The Equine Expert

Easing the stress of stall rest – How to keep your stalled horse happy.
By Tanja Schnuderl

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Horses often have to go on stall rest when they got injured and moving around would either worsen the injury or hinder the recovery. Stall rest often puts extra stress on your already injured horse. Depending on how long stall rest is recommended by a veterinarian, most horses struggle mentally with being stalled day and night for an extended period of time. When they are confined with insufficient companionship, exercise or stimulation, they can develop a variety of bad habits, like wood chewing, wall kicking, "weaving" (rocking back and forth), and other problems[1]. Following are a few tips to help alleviating the stress and keeping your horse as happy and comfortable as possible:

  • Moving your horse to a stall with a window (or an outdoor stall for a few hours a day, if allowed by your vet) and cleaning the bedding often, will provide your horse with natural light and fresh air.
  • Keep bugs under control with fans, fly sheets and repellants, to avoid your horse getting irritated by insects all day.
  • If possible, have a “pasture pal” stay in the stall next to your horse for some time, to keep your horse company.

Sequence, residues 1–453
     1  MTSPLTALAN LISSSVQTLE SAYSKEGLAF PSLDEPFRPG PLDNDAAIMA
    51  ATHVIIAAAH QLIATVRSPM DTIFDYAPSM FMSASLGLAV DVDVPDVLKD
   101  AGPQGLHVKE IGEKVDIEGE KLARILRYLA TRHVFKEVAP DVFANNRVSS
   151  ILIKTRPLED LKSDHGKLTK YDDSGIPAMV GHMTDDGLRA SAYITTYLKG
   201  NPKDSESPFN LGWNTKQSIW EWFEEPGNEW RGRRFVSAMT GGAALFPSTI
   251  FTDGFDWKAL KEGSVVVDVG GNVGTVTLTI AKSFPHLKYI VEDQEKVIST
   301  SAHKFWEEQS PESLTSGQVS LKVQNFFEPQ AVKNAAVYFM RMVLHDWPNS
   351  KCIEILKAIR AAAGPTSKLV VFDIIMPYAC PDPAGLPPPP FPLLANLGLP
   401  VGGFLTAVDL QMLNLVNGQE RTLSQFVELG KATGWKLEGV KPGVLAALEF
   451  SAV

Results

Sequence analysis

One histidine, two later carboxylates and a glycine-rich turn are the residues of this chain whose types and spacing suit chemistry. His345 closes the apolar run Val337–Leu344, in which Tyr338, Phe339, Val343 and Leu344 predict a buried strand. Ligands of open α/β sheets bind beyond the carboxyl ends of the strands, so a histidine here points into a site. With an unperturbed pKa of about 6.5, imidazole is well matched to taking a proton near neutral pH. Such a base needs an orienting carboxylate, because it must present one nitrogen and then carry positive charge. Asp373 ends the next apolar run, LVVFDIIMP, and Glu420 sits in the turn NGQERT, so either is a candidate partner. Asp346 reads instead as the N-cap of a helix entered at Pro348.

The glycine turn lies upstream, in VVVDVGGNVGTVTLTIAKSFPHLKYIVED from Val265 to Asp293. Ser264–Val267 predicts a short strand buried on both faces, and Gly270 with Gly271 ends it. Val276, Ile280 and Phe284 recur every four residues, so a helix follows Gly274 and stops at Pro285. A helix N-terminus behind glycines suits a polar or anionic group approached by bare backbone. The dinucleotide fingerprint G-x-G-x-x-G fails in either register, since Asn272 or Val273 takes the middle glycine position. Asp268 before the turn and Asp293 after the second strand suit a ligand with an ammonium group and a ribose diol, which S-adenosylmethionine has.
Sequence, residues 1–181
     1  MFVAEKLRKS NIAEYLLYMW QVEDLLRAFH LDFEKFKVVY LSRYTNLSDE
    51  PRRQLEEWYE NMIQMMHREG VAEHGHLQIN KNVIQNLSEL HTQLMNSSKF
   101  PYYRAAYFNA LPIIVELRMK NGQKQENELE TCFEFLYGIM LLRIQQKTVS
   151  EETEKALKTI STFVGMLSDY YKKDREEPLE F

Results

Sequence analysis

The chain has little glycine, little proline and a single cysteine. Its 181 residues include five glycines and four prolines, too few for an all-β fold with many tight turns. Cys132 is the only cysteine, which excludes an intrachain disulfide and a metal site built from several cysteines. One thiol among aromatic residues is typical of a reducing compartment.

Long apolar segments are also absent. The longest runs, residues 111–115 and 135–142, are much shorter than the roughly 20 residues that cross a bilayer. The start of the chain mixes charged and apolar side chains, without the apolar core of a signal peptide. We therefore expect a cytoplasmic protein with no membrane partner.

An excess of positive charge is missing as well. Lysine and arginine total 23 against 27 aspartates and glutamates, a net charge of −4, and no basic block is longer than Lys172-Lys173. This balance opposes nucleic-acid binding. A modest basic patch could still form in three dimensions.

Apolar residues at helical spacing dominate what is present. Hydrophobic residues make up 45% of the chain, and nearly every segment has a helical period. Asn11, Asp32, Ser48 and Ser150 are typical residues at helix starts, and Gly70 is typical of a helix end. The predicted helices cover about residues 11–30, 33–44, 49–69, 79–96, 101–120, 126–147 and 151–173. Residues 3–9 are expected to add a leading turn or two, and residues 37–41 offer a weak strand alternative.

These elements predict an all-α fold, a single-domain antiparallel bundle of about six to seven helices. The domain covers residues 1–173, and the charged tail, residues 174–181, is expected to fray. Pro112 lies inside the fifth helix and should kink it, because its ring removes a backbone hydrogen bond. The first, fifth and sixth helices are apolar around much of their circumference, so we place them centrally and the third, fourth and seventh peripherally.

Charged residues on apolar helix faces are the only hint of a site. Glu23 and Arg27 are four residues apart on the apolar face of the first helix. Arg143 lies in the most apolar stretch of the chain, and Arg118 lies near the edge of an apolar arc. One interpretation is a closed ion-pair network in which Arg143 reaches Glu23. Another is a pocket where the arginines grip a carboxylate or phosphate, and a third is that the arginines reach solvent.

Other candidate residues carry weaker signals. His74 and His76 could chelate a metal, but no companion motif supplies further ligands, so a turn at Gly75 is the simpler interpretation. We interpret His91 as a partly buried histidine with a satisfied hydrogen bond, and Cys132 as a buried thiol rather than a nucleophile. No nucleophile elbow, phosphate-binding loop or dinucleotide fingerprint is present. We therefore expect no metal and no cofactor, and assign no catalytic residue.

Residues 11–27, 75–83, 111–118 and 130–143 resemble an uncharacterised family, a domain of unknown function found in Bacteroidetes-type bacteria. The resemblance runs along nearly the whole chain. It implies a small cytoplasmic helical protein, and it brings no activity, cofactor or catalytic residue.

• Placing your horse next to the grooming stalls or farrier area, so your horse has something to watch during the day can help against boredom. However, the University of Minnesota recommends to keep your horse’s mentality in mind and decide if they would benefit from activity around them or rather would prefer to be in a quiet environment.
  • Installing treat toys or other official horse toys in the stall can help to keep your horse entertained.
  • Stick to your routine as much as possible. If you are allowed to hand walk your horse and would normally groom and tack in a grooming area before exercising, take your horse there and groom before hand walking.
  • Adjusting the feed due to the lack of activity during stall rest is important. Horses most likely will not need as many calories to maintain their weight on stall rest. If your horse needs to gain weight, use fat calories instead of carbohydrates. Fat allows your horse to gain weight and may provide a calming effect, whereas carbohydrates add energy and may increase restlessness[2]. Access to hay at all times is important, slow feed hay nets will add more time to feeding. Talk to your veterinarian and barn manager to discuss necessary changes for your horse.

Tanja Schnuderl is a team member with The Equine Expert LLC, a multi-discipline equine expert witness and consulting firm with expert equestrians offering legal expert witness and consulting services in court cases and legal matters. Tanja is an expert on Barn Management and Horse Behavior. She is the Barn Manager for Moon Rising Farm just outside Washington DC and Principal of Sigma Equine LLC, an equine appraisal business. Tanja grew up in Germany and was a paralegal for many years. For more information on Tanja Schnuderl email,


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